New Philadelphia CyberKnife Study Shows SBRT Effective in Treatment of Prostate Cancer

Havertown, PA (PRWEB) April 11, 2013

Newly published research from Philadelphia CyberKnife provides some of the most convincing evidence yet that stereotactic body radiation therapy is among the most effective types of treatment for prostate cancer.

Authors say that, while more follow-up is needed, the study shows SBRTs success rate is comparable to other treatments, including conventional surgery, which is often held as the gold standard treatment for prostate cancer. In addition, SBRT offered more convenient treatment and less risk of side effects like erectile dysfunction.

Radiation oncologists believe the results with SBRT are equivalent to what youd get from surgery or other forms of radiation, but theres never been a head-to-head comparison, says Dr. Rachelle Lanciano, chief of radiation oncology at Delaware County Memorial Hospital, who co-wrote the study. This is another piece of the puzzle showing that SBRT works, the toxicity is low, and the outcomes are very good.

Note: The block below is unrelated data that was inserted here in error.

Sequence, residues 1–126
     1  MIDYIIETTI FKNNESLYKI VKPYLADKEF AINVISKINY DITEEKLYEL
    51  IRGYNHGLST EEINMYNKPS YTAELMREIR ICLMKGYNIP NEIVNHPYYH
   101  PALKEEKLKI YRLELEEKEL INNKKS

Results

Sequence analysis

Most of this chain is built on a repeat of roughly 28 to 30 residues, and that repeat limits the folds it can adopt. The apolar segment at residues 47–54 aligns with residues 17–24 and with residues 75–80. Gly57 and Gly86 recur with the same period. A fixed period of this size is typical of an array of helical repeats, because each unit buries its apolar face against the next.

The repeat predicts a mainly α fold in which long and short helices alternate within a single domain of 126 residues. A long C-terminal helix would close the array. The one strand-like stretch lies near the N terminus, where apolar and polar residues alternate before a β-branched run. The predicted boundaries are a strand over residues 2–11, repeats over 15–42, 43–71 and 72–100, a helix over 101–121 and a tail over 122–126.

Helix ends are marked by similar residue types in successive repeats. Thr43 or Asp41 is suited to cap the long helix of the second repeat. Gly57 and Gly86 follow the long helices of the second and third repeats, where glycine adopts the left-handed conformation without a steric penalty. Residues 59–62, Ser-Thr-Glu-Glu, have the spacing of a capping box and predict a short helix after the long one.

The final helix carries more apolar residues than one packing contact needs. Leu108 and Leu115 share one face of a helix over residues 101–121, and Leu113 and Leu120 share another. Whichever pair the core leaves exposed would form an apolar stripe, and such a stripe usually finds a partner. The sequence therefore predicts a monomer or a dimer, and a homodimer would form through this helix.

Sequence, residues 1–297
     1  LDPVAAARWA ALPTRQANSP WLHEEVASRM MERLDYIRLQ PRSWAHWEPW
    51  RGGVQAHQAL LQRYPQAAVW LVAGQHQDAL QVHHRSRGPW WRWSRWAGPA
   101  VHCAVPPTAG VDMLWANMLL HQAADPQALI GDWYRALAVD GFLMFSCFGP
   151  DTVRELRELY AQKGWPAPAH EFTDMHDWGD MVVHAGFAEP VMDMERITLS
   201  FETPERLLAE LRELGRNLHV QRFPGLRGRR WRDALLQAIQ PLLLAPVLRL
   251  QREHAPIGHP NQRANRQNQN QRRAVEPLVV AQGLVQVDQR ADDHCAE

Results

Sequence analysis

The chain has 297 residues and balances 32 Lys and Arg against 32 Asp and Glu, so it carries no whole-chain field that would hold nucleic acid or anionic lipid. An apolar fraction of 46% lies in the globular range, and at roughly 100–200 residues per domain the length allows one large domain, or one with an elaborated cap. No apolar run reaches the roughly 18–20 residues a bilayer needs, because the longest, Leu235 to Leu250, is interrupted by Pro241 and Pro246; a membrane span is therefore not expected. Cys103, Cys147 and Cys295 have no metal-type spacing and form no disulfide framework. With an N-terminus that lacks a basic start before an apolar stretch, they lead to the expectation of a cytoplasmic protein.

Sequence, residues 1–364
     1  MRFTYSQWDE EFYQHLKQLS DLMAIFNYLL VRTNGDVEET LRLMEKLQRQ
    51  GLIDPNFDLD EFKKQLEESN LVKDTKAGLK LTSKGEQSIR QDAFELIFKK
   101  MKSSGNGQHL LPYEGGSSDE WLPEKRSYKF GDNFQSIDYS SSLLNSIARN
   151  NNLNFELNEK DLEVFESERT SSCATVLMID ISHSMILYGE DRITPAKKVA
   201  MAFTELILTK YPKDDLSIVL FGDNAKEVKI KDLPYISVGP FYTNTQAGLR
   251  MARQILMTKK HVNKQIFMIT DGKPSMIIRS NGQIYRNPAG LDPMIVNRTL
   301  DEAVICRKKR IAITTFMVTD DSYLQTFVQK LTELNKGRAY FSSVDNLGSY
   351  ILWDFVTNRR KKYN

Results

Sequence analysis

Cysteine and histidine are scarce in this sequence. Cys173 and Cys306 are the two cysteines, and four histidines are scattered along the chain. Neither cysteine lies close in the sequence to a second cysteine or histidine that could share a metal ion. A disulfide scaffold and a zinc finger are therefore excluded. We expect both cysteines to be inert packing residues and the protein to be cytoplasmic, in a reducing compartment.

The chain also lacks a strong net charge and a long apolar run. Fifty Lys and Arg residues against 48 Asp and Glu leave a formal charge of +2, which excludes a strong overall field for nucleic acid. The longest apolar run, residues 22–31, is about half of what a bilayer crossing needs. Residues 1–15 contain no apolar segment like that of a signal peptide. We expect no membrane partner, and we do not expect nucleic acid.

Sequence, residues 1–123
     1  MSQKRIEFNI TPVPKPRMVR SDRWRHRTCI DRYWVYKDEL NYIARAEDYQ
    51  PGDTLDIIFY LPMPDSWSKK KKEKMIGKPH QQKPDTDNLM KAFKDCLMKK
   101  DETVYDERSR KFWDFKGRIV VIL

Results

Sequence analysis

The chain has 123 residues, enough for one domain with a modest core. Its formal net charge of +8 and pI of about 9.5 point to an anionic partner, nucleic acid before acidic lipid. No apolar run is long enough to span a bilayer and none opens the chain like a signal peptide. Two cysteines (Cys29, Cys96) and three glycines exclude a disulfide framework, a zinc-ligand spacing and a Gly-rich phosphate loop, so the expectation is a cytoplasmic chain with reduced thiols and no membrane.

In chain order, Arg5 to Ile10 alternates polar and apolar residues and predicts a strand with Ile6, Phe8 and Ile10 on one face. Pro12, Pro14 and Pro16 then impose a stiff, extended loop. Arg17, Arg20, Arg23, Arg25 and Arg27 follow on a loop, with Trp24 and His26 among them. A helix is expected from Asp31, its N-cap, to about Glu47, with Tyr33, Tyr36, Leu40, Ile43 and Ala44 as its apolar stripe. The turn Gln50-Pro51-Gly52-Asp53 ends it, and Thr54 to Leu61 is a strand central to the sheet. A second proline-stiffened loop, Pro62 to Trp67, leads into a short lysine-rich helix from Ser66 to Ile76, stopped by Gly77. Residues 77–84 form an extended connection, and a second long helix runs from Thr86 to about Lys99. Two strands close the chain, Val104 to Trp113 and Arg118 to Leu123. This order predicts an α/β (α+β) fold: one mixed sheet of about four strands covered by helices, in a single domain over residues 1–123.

Prostate cancer affects about one in six men and is the second-leading cause of cancer death among men. Besides SBRT and surgery, patients can choose brachytherapy, in which small radioactive seeds are implanted in the prostate, or IMRT, another type of radiation therapy.

IMRT destroys prostate cancer cells with low-dose per fraction radiation generated by a linear accelerator which rotates around the patient usually in a single plane. IMRT involves about 40 daily radiation treatments over the course of eight weeks.

Alternatively, SBRT destroys prostate cancer cells with high-dose per fraction radiation in five treatments and is delivered by a radiosurgical system like the CyberKnife

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